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Racers not the only winners

Cheering on the U.S. racers were Basalt High students Katie Gruen, left, and Dayle Duran. Aspen Times photo/Mark Fox.
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Sure Finland’s Tanja Poutiainen and the Aspen Skiing Co. were big winners during the Aspen Winternational World Cup ski races, but Aspen High freshman Sam Coffey really scored big over the festive weekend.Coffey and a couple of buddies were among more than 1,000 spectators watching Friday’s giant slalom race. After American racing star Kristina Koznick finished her second run, Coffey went up to the plastic mesh fence separating the racers from the crowd and caught Koznick’s ear. The attractive Koznick flashed a big smile, then took off her racing bib and flipped it to Coffey.Coffey instantly hammed it up with his buddies and sniffed the bib while turning away from the fence.Coffey later explained to a witness how he scored. “When she came out of the finish area I told her she was hot,” he said with a smile. He asked her for the bib and she obliged without hesitation – proving that it never hurts to ask.So what’s Coffey going to do with his trophy? “I’m going to hang it on my wall.”Coffey wasn’t the only person basking in the glow of a small victory over the weekend. The Aspen Skiing Co. won on at least three accounts.

The Skico, often a convenient target for Aspen’s crustier element, probably was never more popular than after Saturday night’s free outdoor concert by Big Head Todd and the Monsters, which was especially cool because of the snowstorm that ultimately dumped 18 inches on Aspen Saturday and Sunday.Skico spokesman Jeff Hanle said he couldn’t walk through town after the concert without people slapping him on the back and giving kudos for the show. The Skico covered the cost.”I had so many people say ‘I don’t know how much you had to spend to do that, but you should do it more,'” Hanle said.The Skico’s good deed was repaid many times over. The company’s marketing department couldn’t have written a better script than having so much snow fall before Sunday’s slalom race.An estimated 30 million-plus Europeans watched live television broadcasts of the race and became aware that Aspen was receiving a big dump. The Skico hopes the combination of the snow and a weak U.S. dollar leads to bookings. International guests account for about 15 percent of the Skico’s business. Hanle noted that domestic skiers who follow racing and who will see rebroadcasts in December on NBC and the Outdoor Life Network will also know about the snow.But it’s not all about exposure.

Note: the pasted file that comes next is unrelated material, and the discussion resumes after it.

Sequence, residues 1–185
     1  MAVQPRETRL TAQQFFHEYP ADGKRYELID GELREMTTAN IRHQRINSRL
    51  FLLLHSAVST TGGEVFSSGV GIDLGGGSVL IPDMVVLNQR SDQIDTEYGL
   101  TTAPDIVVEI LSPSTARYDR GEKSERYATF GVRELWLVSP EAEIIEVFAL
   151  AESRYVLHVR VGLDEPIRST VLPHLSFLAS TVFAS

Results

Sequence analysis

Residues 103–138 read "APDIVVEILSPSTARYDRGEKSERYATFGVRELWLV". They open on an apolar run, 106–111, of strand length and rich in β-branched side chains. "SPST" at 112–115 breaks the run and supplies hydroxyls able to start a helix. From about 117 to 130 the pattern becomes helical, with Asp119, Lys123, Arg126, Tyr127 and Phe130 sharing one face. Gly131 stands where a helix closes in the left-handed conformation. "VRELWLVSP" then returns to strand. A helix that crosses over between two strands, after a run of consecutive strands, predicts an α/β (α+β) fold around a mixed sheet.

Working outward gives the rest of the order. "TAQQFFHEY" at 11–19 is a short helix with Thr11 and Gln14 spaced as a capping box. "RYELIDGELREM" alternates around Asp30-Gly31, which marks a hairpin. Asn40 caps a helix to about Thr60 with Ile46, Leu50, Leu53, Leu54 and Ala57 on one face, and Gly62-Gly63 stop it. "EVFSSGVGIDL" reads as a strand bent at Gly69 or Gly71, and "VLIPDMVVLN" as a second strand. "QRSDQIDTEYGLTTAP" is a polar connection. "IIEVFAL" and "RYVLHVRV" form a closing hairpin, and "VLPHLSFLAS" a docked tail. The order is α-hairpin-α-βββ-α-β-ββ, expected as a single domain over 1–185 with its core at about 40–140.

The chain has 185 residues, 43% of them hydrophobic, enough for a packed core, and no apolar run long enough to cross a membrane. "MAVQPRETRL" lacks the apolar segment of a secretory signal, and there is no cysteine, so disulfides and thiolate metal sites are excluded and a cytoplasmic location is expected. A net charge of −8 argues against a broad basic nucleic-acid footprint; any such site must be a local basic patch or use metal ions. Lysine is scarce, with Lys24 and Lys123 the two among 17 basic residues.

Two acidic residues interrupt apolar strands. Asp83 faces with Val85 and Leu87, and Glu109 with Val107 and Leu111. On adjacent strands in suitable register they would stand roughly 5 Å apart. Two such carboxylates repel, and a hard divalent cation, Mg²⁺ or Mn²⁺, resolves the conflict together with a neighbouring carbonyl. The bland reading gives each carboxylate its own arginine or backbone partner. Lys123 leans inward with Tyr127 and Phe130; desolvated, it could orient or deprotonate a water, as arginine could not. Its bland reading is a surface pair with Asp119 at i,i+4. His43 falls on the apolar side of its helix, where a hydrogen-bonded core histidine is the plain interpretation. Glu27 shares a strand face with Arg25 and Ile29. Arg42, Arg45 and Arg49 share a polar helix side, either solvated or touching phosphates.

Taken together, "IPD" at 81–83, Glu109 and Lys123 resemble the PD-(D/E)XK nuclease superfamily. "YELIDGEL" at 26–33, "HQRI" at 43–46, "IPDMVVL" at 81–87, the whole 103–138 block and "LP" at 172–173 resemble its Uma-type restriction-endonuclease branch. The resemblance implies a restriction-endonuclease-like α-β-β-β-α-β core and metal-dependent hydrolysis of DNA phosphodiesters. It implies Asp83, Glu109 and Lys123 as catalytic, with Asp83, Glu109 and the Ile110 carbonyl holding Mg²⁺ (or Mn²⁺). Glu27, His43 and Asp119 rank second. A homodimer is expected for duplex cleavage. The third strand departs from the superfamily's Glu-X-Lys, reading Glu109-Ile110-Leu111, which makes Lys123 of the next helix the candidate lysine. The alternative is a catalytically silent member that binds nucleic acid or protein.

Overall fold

Numerous Skico officials, World Cup volunteers and race fans were overjoyed that the three races and affiliated activities came off so well. Crowds were sparse Friday and Saturday mornings, but the stands, which held about 1,000 spectators, were filled both afternoons. Hundreds of additional spectators stood at the finish area and at the concession tent. The crowd was lighter Sunday afternoon.Usually fans ski down and climb up to line the fence along the course, but that wasn’t possible this year because of a lack of snow.Nevertheless it was a raucous crowd throughout the event. Scores of Aspen Valley Ski Club kids were clanging cow bells that were sold, in part, to benefit the U.S. ski team. Aspenite Jeanette Odelberg, who moved here from Sweden a decade ago, was cheering on her former countrywomen by waving a Swedish flag and wearing an eye-catching Viking-like hat. One of the largest contingents of screaming fans was the extended family of U.S. ski team racer Julia Mancuso. Her sister, Andrea, said 23 members of her family came to Aspen to cheer, including her grandparents, who took the train from San Francisco.Members of the Mancuso gang were waving American flags that included a picture of their hero. Needless to say, they went wild when she logged a 10th-place finish in Saturday’s slalom.The Croatian fans put on an equally impressive display – and they traveled a lot farther to do it. They proudly waved their flag, sang songs in the finish area and generally created a widely held impression that they were super nice people.

There was no bigger fan among the Croatians than Marica Kostelic, the mother of star racer Janica Kostelic. Janica finished third in the giant slalom and first in Saturday’s slalom. Marica stood alone at the front of the grandstand for both runs of all three races. She was the consummate good sport – cheering hard for all racers, even the few who topped her daughter.Marica gave a sign of the cross before each run of her daughter. She grimaced in the type of agony that only a mother could feel when Janica fell on the second run of Sunday’s slalom after leading on the first run.Marica said she had visited Aspen twice before, cheering for her daughter and her son, Ivica, who is a World Cup racer with the Croatian men’s team. Ivica won the men’s slalom in Aspen in 2001. Janica won the slalom in 2000 and finished second in the slalom in 2002.”My children here have good success,” Marica said in an understatement.Scott Condon’s e-mail address is scondon@aspentimes.com


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